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Julian Oliver: Cartography – the most influential art form? July 13, 2008

Posted by Ana Bird in art, politics, religion, science, sociology.
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from: Julian Oliver Vimeo
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Video documentation of Julian Oliver’s keynote: Cartofictions: Maps, the Imaginary and GeoSocial Engineering at Inclusiva-net, Madrid 2008.

Abstract:
From the earliest world maps to Google Earth, cartography has been a vital interface to the world. It guides our perceptions of what the world is and steers our actions in it. As our knowledge about the world has changed, so have maps with it (or so we like to think).

In this lecture Julian shows a darker side of map-making, covering various reality-distorting effects innate to the graphic language of cartography and how they can be easily exploited for gain..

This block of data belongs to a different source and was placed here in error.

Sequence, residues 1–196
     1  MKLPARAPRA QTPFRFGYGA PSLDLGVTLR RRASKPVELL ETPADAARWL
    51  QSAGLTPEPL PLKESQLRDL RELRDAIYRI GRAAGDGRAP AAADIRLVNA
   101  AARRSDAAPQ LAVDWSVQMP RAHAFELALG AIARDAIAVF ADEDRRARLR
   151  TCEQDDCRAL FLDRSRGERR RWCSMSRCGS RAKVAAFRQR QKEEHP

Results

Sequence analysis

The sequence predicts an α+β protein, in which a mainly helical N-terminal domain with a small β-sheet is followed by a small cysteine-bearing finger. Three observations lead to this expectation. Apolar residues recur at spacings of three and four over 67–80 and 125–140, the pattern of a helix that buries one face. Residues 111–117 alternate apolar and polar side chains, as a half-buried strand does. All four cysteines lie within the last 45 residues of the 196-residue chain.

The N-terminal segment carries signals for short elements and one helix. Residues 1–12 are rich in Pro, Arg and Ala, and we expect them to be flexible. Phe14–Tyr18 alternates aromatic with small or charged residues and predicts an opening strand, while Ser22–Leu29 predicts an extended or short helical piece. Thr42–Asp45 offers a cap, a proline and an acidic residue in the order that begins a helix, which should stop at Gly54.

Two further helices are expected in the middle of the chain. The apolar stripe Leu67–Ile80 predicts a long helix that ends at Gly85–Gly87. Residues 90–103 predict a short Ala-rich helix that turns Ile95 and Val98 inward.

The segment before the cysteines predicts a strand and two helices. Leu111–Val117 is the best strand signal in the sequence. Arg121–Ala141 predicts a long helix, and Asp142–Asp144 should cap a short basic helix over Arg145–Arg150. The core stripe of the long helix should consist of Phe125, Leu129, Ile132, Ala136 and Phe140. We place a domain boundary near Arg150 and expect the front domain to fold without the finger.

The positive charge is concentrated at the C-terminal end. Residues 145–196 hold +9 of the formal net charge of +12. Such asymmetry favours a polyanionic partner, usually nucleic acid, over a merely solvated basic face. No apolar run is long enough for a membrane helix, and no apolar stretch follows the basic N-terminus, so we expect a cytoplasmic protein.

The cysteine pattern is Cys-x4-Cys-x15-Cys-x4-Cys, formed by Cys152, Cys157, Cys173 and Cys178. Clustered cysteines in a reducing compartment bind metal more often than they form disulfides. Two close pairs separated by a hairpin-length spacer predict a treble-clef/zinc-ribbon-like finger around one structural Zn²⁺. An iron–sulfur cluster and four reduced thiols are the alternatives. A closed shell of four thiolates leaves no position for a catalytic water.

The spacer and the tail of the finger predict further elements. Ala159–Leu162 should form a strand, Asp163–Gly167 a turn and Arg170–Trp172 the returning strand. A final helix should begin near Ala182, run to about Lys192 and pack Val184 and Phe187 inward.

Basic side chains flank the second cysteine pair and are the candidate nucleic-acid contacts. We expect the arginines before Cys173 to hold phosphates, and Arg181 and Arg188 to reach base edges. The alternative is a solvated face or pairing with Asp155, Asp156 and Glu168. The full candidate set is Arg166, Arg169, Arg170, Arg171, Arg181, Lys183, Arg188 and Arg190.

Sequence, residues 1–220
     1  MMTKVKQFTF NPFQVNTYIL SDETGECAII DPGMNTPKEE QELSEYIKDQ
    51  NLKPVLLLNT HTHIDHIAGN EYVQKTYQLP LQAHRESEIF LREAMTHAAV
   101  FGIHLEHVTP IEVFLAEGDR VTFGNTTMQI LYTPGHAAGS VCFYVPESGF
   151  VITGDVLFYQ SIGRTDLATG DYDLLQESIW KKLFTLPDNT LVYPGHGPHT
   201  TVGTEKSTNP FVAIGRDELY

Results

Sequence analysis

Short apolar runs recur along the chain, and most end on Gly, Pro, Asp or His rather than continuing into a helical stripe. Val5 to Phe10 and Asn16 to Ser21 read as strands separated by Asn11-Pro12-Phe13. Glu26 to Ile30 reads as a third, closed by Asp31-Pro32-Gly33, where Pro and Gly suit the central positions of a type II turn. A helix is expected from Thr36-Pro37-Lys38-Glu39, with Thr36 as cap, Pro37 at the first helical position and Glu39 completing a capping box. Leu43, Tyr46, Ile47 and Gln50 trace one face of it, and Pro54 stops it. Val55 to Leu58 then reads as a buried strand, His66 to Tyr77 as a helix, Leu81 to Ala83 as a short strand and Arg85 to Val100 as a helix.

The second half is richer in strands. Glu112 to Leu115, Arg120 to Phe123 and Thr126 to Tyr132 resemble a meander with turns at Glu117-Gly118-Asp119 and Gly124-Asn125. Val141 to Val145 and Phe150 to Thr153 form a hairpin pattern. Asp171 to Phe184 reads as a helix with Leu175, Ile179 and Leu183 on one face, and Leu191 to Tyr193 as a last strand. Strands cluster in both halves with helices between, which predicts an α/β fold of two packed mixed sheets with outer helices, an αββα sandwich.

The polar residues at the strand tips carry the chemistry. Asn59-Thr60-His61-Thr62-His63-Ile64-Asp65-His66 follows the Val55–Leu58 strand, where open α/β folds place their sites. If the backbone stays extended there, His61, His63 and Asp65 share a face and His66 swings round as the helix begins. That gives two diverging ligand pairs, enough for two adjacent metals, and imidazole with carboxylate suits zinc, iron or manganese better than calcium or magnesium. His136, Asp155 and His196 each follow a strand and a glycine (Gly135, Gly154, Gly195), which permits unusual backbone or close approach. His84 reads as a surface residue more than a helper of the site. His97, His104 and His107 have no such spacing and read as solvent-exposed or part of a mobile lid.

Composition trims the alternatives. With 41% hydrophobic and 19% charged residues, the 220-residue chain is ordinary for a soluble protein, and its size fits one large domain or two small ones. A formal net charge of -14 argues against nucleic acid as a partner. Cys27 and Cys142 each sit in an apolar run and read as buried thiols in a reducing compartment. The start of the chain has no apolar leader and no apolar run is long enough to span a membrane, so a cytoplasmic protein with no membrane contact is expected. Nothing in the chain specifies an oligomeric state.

In doing so Julian positions cartography as an abstract and influentual creative practice, rich with the power to engineer political views, religious ideas and even the material world itself.

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Evolving a belief in God June 10, 2008

Posted by Ana Bird in religion, science.
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Our capacity for religious belief is the result of natural selection

by Simon Underdown

guardian.co.uk

    The idea that humans are in some way special or set above all other species is an old one. Creation mythologies frequently see humans given dominion over the whole world as a result of recognising the god figure. The theory of evolution undermines this concept of superiority by demonstrating that humans are subject to the same evolutionary pressures as all other living things, hence the antipathy between evolutionary science and religious believers. However, as discussed from a religious perspective by Joanna Collicutt in her recent article, research in cognitive neuroscience suggests that religious belief is “hardwired” into our brains, through a desire to attach agency and purpose to inanimate objects and the most impersonal forces.

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